Jose Mourinho took his struggling Manchester United side to the south coast on Saturday, to face perhaps the only manager under more pressure than he is at the moment, Mark Hughes. Southampton have been dreadful this season, providing no evidence to suggest that Hughes’ permanent appointment in the summer has helped the club to move forward. United, on the other hand, seem to have left behind all the positive momentum generated from the comeback wins over Newcastle, Bournemouth and Juventus, and look unlikely to make the top four this season. The football has been dire as well, and Mourinho definitely needed both a strong performance and the result to match from this game in order to inject a modicum of positivity back into the club.
New shape, same old problems for United
While the change in shape was somewhat forced upon Mourinho due to his centre-backs being injured en masse, one would have expected that it would provide a little more protection to David de Gea than in recent weeks. Those hopes were dashed within the first 20 minutes, as Southampton raced into a two-goal lead.
The same issues that have been plaguing United for weeks, and indeed that we have been highlighting here on this website during that time, surfaced once again. Players were caught out of position, there was a complete lack of urgency which allowed Southampton time on the ball, and there were massive gaps between the lines. The build-up to the first Southampton goal itself had shades of all three of these issues manifest itself.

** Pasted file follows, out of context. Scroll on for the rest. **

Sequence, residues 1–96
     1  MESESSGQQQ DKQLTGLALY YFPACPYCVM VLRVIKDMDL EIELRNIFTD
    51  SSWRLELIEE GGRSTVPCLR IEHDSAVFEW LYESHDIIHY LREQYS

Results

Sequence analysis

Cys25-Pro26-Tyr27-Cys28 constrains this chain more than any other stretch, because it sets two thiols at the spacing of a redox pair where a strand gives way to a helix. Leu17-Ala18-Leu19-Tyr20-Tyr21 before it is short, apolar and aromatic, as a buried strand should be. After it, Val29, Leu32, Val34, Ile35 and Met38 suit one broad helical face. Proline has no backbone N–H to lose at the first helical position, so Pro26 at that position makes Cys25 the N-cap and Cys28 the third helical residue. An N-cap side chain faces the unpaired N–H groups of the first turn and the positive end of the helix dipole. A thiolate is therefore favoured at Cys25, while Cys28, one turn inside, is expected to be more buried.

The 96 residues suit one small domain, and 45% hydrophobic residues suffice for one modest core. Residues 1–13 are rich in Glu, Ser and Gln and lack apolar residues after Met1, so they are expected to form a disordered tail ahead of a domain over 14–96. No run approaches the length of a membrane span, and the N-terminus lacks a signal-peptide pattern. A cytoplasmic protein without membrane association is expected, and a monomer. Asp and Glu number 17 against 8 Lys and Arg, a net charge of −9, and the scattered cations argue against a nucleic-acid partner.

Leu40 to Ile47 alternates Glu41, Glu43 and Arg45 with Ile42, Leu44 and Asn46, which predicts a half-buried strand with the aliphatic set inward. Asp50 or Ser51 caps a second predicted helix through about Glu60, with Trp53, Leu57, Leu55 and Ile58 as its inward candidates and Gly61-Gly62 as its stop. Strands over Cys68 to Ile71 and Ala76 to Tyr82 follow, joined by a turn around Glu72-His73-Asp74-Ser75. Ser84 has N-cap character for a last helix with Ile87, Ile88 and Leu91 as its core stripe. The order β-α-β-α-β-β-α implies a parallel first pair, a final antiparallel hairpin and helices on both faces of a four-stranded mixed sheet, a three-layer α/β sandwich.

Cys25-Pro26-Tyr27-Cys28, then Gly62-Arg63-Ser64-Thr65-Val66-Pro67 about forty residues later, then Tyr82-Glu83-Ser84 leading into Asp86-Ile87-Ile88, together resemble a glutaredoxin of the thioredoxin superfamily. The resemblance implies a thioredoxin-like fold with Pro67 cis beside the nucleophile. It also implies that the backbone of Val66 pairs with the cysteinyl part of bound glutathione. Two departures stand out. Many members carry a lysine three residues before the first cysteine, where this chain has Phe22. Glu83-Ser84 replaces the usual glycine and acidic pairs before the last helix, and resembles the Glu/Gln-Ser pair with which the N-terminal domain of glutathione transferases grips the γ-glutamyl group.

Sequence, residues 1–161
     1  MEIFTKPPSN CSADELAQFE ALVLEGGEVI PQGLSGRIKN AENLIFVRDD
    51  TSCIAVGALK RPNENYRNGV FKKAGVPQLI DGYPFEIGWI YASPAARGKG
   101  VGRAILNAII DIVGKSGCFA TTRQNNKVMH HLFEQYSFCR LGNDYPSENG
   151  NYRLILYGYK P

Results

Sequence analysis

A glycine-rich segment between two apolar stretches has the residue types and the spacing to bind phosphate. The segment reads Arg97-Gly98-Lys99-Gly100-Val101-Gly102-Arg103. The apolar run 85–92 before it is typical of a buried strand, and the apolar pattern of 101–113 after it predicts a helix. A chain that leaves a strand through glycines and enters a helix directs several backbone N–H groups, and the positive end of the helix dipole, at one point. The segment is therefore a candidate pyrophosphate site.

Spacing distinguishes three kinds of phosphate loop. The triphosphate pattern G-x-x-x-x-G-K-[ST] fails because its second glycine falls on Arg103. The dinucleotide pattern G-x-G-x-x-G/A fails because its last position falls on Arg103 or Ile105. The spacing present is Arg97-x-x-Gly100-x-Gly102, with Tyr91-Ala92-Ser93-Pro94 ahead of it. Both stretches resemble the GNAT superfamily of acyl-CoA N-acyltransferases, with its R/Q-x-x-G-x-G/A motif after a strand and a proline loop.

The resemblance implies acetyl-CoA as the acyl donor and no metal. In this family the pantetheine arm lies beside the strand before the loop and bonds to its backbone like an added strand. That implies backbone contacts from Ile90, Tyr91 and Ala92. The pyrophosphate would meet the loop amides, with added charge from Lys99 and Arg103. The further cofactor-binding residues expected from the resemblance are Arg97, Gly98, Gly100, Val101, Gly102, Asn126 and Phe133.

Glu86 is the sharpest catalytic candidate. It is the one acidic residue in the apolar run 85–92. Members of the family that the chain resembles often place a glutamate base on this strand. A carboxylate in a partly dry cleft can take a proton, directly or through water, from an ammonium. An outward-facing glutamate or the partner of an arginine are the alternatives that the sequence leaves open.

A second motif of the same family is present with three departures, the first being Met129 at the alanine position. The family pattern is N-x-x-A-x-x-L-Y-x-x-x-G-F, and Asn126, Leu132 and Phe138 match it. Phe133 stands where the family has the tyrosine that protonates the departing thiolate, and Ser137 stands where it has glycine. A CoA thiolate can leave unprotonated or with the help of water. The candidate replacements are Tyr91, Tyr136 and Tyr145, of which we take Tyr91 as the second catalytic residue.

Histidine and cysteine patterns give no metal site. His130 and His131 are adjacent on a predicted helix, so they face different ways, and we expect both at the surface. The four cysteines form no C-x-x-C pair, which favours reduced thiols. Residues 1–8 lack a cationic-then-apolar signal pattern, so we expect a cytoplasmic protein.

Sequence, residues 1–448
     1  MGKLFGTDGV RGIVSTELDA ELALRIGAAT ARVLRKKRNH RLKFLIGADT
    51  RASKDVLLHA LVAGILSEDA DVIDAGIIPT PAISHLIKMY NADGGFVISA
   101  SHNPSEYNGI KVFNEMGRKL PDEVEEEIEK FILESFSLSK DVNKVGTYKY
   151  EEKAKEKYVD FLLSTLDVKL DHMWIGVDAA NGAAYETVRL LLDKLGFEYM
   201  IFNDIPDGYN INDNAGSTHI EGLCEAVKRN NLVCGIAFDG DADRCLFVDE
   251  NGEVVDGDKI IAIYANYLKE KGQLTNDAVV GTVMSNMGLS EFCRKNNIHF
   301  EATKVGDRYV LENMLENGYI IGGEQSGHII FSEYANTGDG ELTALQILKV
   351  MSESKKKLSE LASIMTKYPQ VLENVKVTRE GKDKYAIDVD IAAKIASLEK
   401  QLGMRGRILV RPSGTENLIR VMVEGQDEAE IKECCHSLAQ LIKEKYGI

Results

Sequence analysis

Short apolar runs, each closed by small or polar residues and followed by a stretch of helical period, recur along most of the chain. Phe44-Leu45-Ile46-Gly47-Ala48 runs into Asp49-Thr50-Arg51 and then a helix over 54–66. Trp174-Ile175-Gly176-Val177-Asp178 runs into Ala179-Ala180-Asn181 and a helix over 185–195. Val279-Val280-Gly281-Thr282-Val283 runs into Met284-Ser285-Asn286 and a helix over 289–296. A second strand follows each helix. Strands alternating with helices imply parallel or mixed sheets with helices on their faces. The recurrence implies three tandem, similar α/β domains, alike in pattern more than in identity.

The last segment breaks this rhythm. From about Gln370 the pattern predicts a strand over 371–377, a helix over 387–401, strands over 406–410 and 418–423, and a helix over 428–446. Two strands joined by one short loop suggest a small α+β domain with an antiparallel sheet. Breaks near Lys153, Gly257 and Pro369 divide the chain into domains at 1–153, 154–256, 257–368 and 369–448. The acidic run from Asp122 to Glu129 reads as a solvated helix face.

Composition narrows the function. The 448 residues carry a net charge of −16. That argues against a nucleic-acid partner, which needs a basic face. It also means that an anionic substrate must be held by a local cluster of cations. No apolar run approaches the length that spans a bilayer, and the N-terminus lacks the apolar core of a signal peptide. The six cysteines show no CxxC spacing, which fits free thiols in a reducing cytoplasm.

This was something which continued throughout the game, and despite United ending the game with 60% possession, they were outshot by the Saints. Southampton had 16 shots, with six of them on target, compared to United’s 11 and five. United’s midfield was too passive, while Matic and McTominay both looked ill-suited to playing at centre-back. This all came together to allow Southampton one of their more productive evenings in recent weeks.
Rashford the only bright spark
It was a similar story in attack – United huffed and puffed a lot, but to no avail. Romelu Lukaku did end his goalscoring drought, but that was the only positive from a nondescript performance otherwise. The Belgian was sluggish and lethargic outside the box, slowing down attacking moves and struggling with his control of the ball. The lack of creativity in midfield was painfully obvious, as Paul Pogba had another off day, while Ander Herrera and Marouane Fellaini are hardly renowned for their nous on the ball.
United’s buildup play was slow, as usual, and one passage of possession around the 10th minute was indicative. The Red Devils had the ball for at least a minute, but they failed to progress out of their own half, constantly playing passes between the centre-backs and midfielders, as nobody made a run off the ball or offered an attacking option. There was a familiar lack of dynamism and intensity in attack, with only Marcus Rashford providing any drive or impetus.
The youngster created both of United’s goals and was the brightest player on the pitch until his withdrawal through injury. However, even he made a couple of basic mistakes, such as the instance provided below, which clearly demonstrates the lack of cohesion between United’s attackers at the moment.
Once again, United found themselves trailing before there was any semblance of intensity from the side. While they managed to draw level in the first half itself, it never looked like they would get the winner. Familiar tactical issues remain unsolved, and the players look like they are putting in just the bare minimum needed, nothing more. Once again, it looks increasingly like Mourinho is edging closer to the brink of losing his job. While the Portuguese manager cannot be blamed for all of United’s ills, his tactics and philosophy are definitely strangling his side. With Arsenal up next, it may get worse before it gets better for United fans.
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